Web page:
Wednesday, April 5, 2017

D is for Dhow docks of Mandvi #AtoZChallenge

"We'll be visiting a dhow shipyard."informed Apu.

"What's a dhow?" asked another friend.

"We have lots of them in Doha." I piped in unnecessarily and over enthusiastically. I do that a lot. The need to express all that I know about a subject is too potent to keep bottled up inside. "These are ancient Arab boats. We've been on dhow cruises. They're great. They used to use them for pearl diving in the Gulf region." I continued with my monologue.

I'm not sure anyone was listening.

We were on the last leg of our Kutchh road trip and I'm sure my friends and co-passengers had devised coping mechanisms by now to jhello (bear) me. No one tried to leave me behind. So I guess, they were okay.
As our car made its way into Mandvi, a sense of fading filled the air around us. The place felt like an old and worn out silk carpet; luxurious and opulent in its heydays, but threadbare and derelict now. I could almost hear Mandvi sighing as if it's waiting for its people to come back and rescue it. I could be reading the place wrong. We were there for barely an hour in the middle of the day. It could just be siesta time.

First, a quick stop at the model-making shop and museum which is built in the shape of a ship.
The caretaker opened the shop to let us in.

"Are you interested to buy a model?"

"Oh! No. We're just looking..." we chimed in collectively.

"In that case I'll show you around. Saheb (i.e. the model maker or rather his son) has gone for his lunch break. This model making business eats up too much of ones brains (this is a literal translation of what he said in Hindi)"

He was clearly not impressed with the number of hours a model maker applies to this intricate art to create.

I just realized, had I  met Prof. Fofindi or his son, my 'F' for the challenge would've got sorted. Shame!
We saw the models, took a few photos and drove to the docks.
The size of it took me by surprise. It's funny how I never paid attention to the size of a dhow when I sailed in it, but looking at it's bare bones made me gasp. Wow! 

How long does it take to build one?

About two years.

What type of  wood do you use?

Teak from here and Malaysian wood.

What's the wood from Malaysia called?

Malaysian wood.

Where will this dhow go when it's ready?

Anywhere...Africa, Dubai, Oman.

Is is okay to take pictures of you and the others?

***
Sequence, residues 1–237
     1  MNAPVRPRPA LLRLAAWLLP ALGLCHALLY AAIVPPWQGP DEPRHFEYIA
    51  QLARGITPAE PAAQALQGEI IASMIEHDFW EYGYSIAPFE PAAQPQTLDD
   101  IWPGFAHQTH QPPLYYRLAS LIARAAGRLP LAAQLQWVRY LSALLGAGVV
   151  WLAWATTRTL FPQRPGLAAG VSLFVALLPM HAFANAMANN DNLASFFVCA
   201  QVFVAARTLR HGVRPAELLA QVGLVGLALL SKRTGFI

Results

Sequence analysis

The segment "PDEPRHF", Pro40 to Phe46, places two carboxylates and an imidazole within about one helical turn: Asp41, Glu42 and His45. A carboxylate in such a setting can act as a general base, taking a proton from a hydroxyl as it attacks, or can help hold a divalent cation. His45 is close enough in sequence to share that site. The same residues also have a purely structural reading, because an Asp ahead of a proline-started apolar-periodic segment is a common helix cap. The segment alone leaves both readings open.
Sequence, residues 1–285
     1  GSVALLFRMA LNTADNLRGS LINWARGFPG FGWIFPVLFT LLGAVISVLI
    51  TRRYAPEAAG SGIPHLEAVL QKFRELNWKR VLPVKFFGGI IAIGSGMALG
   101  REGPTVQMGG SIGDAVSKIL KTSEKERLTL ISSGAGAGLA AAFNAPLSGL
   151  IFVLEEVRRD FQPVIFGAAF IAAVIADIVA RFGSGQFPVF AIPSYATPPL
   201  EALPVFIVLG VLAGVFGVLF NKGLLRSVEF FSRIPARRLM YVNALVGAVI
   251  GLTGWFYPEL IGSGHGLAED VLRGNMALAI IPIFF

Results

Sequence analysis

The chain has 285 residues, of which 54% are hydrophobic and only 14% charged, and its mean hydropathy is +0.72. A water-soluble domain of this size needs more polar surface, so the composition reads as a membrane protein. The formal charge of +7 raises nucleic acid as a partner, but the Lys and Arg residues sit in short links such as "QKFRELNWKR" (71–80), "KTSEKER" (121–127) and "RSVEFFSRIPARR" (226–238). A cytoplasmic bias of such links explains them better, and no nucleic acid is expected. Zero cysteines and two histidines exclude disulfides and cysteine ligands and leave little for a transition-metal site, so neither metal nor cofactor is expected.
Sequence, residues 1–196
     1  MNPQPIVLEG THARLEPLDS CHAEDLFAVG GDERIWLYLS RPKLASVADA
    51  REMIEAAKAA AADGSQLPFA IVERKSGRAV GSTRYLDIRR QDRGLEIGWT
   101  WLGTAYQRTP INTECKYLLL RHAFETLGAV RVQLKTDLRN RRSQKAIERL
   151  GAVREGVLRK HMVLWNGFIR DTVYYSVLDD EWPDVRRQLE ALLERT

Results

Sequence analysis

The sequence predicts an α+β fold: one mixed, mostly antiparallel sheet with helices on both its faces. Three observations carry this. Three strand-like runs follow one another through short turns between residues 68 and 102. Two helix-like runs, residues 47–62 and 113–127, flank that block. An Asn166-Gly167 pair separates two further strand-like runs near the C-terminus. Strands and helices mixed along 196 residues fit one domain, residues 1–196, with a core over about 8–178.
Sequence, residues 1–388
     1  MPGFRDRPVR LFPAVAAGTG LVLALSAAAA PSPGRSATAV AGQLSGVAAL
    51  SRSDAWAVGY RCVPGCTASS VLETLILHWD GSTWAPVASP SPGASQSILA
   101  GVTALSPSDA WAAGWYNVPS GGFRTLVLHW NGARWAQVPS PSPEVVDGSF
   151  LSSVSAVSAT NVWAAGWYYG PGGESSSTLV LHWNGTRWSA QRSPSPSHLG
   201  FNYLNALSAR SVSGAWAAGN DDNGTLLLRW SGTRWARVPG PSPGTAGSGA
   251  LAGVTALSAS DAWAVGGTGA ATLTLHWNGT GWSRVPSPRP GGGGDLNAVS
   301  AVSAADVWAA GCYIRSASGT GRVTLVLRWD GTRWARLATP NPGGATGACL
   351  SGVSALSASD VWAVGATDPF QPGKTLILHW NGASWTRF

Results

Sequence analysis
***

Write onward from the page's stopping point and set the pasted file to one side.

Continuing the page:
Of, course! he said and went back to hammering a huge nail into a thick plank of wood.

 Local carpenters have been making dhows for more than 400 years. The type of tools and techniques have remained pretty much the same. We saw a group of five men lift one of these massive logs by hand!

And while Mandvi looks on to Rukmavati river, reminiscing its glorious past as the chief port of Western India, we get back into the car to head to the beach.

'E' won't be easy as I'll be travelling back home. Let's hope it evolves on time to post.
Enjoy your day, wherever you are:)


  1. Interesting post and I love the pics of the cut section of the log. The skeletal shell of the dhow is amazing to see; cant believe its still all done by hands. Loved your dry sense of humour accompanying the narrative Arti!

    Theme: Peregrination Chronicles (travel)
    D is for Dolphin Delight in Goa #atozchallenge

    1. Thank you so much Shalz. At last I find one person who likes my humour. Hurrah! Hope to visit you soon.

  2. Wow that'sa massive dhow they are building... Must take so much labor and hard work.

    1. It was huge Rajalakshmi. Those men work hard.

  3. Things that are patiently built by hand still..rare now. Enjoyed your post as I have a special interest in all things Arab. Beautiful pictures, especially of the dhow skeleton!Kudos!

    Theme : Arabiana

    1. Thank you Nilanjana. I live in Doha, so if you're ever in the Gulf region, get in touch. Will show you cool Arab stuff:) Hope to visit your blog soon.

  4. Very interesting post, Arti. Amazing images! It's fun looking at the places with your eyes.

  5. Checking in from the A to Z Challenge. Very cool post. I love seeing stuff from other cultures. I'm more of a writer and I struggle with getting appropriate pictures together so I am jealous of how beautiful this all looks. As a person who grew up in a harbor town, I have always been enamored of the sea, boats and ships. Neat post.

    1. Thank you so much for visiting and for your kind words. I love words and pictures:) Will visit you soon.

  6. Wow, those interior shots of the dhow really show how big it is!
    Very nice shots, ma'am. :-)


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